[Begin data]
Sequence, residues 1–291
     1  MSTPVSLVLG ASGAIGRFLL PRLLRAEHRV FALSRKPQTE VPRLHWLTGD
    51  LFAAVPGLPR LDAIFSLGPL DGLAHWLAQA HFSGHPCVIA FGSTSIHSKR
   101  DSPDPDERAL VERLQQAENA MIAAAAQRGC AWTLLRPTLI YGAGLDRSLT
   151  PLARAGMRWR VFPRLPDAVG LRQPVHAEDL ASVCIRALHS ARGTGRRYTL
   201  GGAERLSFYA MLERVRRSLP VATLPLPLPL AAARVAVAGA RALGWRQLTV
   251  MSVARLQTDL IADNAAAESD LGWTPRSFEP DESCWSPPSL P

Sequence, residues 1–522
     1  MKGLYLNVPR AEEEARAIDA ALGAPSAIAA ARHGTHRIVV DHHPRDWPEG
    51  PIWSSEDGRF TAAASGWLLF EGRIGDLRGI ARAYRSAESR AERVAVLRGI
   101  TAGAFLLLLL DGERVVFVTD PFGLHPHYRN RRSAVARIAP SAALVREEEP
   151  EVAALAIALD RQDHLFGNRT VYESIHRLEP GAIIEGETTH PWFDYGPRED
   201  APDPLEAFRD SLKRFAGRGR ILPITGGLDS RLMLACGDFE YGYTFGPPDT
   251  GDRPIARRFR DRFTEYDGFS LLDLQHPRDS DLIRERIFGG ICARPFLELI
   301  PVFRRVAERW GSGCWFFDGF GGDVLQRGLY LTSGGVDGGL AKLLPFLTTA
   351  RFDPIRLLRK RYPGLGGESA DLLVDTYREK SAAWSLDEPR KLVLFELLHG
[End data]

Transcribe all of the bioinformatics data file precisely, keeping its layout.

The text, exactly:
Sequence, residues 1–291
     1  MSTPVSLVLG ASGAIGRFLL PRLLRAEHRV FALSRKPQTE VPRLHWLTGD
    51  LFAAVPGLPR LDAIFSLGPL DGLAHWLAQA HFSGHPCVIA FGSTSIHSKR
   101  DSPDPDERAL VERLQQAENA MIAAAAQRGC AWTLLRPTLI YGAGLDRSLT
   151  PLARAGMRWR VFPRLPDAVG LRQPVHAEDL ASVCIRALHS ARGTGRRYTL
   201  GGAERLSFYA MLERVRRSLP VATLPLPLPL AAARVAVAGA RALGWRQLTV
   251  MSVARLQTDL IADNAAAESD LGWTPRSFEP DESCWSPPSL P

Sequence, residues 1–522
     1  MKGLYLNVPR AEEEARAIDA ALGAPSAIAA ARHGTHRIVV DHHPRDWPEG
    51  PIWSSEDGRF TAAASGWLLF EGRIGDLRGI ARAYRSAESR AERVAVLRGI
   101  TAGAFLLLLL DGERVVFVTD PFGLHPHYRN RRSAVARIAP SAALVREEEP
   151  EVAALAIALD RQDHLFGNRT VYESIHRLEP GAIIEGETTH PWFDYGPRED
   201  APDPLEAFRD SLKRFAGRGR ILPITGGLDS RLMLACGDFE YGYTFGPPDT
   251  GDRPIARRFR DRFTEYDGFS LLDLQHPRDS DLIRERIFGG ICARPFLELI
   301  PVFRRVAERW GSGCWFFDGF GGDVLQRGLY LTSGGVDGGL AKLLPFLTTA
   351  RFDPIRLLRK RYPGLGGESA DLLVDTYREK SAAWSLDEPR KLVLFELLHG